I had the privilege of being called for jury service this year.
It’s incredible really, we can learn so much from people who have nothing to do with our line of work; we get to see things differently – it’s so renewing.
Spending several days with the same 11 jurors on the trial, as well as the same 2 barristers, the judge, the jury officer, an usher, the defendant and prosecution, little did I know how much I was about to witness and experience about something that we need a lot more of when taking the agile journey: TRUST.
All of these people in their roles bought something very valuable to the ‘system’ that is justice.
The Usher – as a group of 12, you could say the entire trial process relied on this man getting us to the right room at the right time, and getting us out at the right times too. That’s trust…where it costs ££££’s every day to run trials.
The Jury Officer – the pro who explained the do’s and don’t’s, the who’s and why’s, and the how’s and when’s. Any question you had, this man would know the answer, or would make sure he got you the answer. He was our point of contact for everything during our time there. We trusted him.
The Barristers – one for the defendant, and one for the prosecution, who throughout the trial delivered their questions and statements respectfully and, considerately; always ready to repeat their words if needed. We trusted them to present the facts and evidence to us, and they trusted us to alert them through our usher if there was anything we didn’t understand/needed clarification on. This was an important aspect of ‘working together’ in the court room.
The defendant and prosecution– we trusted them to speak the truth on all counts being trialled so that we could come to a fair and just verdict.
And I save my favourite for last…
The Judge – A gentle man full of conviction who said to us, “I am the law. I will give you directions during this trial, and you must come to a unanimous verdict based on the directions I give.”
The very simple directions given before we left to start deliberation; “base your verdict on the facts and evidence provided in the trial, as well as your experience of the world.” I then vividly recall him saying, “In a way, you are like a team. You don’t know each other, but together you have to work out how to come to a decision, one which no one, including me, will over turn. We trust in you to do that. I will be here to offer direction if you need it, during your deliberation process”.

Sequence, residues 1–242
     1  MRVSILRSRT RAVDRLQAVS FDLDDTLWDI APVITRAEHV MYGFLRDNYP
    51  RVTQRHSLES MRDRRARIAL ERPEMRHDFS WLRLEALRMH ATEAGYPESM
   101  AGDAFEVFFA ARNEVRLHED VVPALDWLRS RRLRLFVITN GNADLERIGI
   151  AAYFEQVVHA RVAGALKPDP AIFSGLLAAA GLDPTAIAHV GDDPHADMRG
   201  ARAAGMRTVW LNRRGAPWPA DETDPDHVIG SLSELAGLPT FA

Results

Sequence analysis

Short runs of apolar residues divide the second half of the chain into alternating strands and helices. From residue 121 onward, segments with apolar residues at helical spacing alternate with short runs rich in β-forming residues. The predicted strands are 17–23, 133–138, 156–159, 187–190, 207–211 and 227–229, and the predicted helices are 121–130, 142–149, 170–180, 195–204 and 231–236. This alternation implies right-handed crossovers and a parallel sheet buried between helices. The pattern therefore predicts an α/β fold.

As a jury made up of 12 strangers from all sorts of backgrounds who were presented with several days of information, we were SO easily trusted to make a life changing decision for 2 groups of people who were affected by this trial, and even the Judge; the Law – the most powerful man in the system at that point, was going to fully accept and respect the journey we went on in order to reach our decision.
So…we were sent off to deliberate. We were a highly divided group in our views, but over the course of 2 days we achieved very close alignment.
This in itself was fascinating as we learned in that time what was important, and what was not, how to respect each others views and how not to judge each other. What helped us most were the seemingly minimal yet powerful directions given to us: “base your verdict on the facts and evidence provided, and your experience of the world.” We used that as our reference to guide our discussions which were all over the place at times. It helped us focus on relevancy. We all trusted in that way of working together to lead us to the final verdict.
In the end, we couldn’t reach a unanimous verdict even though that was what the Judge ordered. He was more than reassured by our efforts to come to a careful and considered verdict (as were we), and on that he accepted a majority verdict. Even a Judge won’t hold you to an initial ‘rule’ if he sees it won’t achieve anything more.
As a scrum master, I found the experience inspirational – everything about how each person communicated with us was an amazing set of lessons in working with people, sensitivities, working in an unknown system, in a hierarchy, with teams, in and around rules, and more; WITH TRUST at the heart of it all.
It’s left me pondering over why and how we could have so much trust placed in us in such life changing scenarios, yet in so many work places where it’s about product launches and stuff that isn’t really life changing, there is such a HUGE lack of trust from management or even our colleagues. It’s pretty sad really.
I’m glad I got to be a juror and I’d do it again at the drop of a hat. It was truly remarkable to witness trust in action in every part of the journey. It was all about being human, nothing more, nothing less, and it felt right. How else could you do it, if not in such a human way? Where trust exists (with a sprinkling of guidance) all sorts of teams are able to do their absolute best. It also seems to create harmony.
Trust is powerful. Trust.